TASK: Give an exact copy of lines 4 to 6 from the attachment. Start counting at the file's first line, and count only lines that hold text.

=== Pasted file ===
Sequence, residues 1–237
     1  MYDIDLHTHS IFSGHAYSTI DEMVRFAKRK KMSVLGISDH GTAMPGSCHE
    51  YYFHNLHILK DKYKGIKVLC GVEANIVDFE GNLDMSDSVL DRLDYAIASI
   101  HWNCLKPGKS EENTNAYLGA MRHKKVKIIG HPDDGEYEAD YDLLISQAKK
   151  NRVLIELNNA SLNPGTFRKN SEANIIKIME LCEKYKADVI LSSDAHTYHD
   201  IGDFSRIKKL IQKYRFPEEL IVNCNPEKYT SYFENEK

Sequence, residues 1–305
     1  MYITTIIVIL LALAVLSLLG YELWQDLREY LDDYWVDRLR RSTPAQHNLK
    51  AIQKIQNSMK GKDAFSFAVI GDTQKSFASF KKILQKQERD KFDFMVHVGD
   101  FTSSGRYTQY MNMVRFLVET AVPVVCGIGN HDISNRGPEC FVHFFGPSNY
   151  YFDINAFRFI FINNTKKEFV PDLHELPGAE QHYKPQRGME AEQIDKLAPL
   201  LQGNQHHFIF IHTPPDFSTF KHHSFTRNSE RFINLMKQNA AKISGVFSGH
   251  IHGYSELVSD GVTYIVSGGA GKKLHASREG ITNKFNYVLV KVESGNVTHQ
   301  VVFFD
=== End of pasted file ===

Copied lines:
   101  HWNCLKPGKS EENTNAYLGA MRHKKVKIIG HPDDGEYEAD YDLLISQAKK
   151  NRVLIELNNA SLNPGTFRKN SEANIIKIME LCEKYKADVI LSSDAHTYHD
   201  IGDFSRIKKL IQKYRFPEEL IVNCNPEKYT SYFENEK